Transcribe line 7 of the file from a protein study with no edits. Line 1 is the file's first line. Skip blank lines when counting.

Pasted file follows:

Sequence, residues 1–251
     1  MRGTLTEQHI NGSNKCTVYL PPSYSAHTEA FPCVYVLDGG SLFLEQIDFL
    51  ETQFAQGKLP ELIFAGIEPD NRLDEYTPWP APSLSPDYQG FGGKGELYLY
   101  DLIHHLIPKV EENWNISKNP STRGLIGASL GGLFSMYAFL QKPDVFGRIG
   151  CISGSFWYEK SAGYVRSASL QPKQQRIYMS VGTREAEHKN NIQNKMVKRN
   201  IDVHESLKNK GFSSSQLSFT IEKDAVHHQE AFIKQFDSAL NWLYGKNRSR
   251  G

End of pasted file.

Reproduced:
   251  G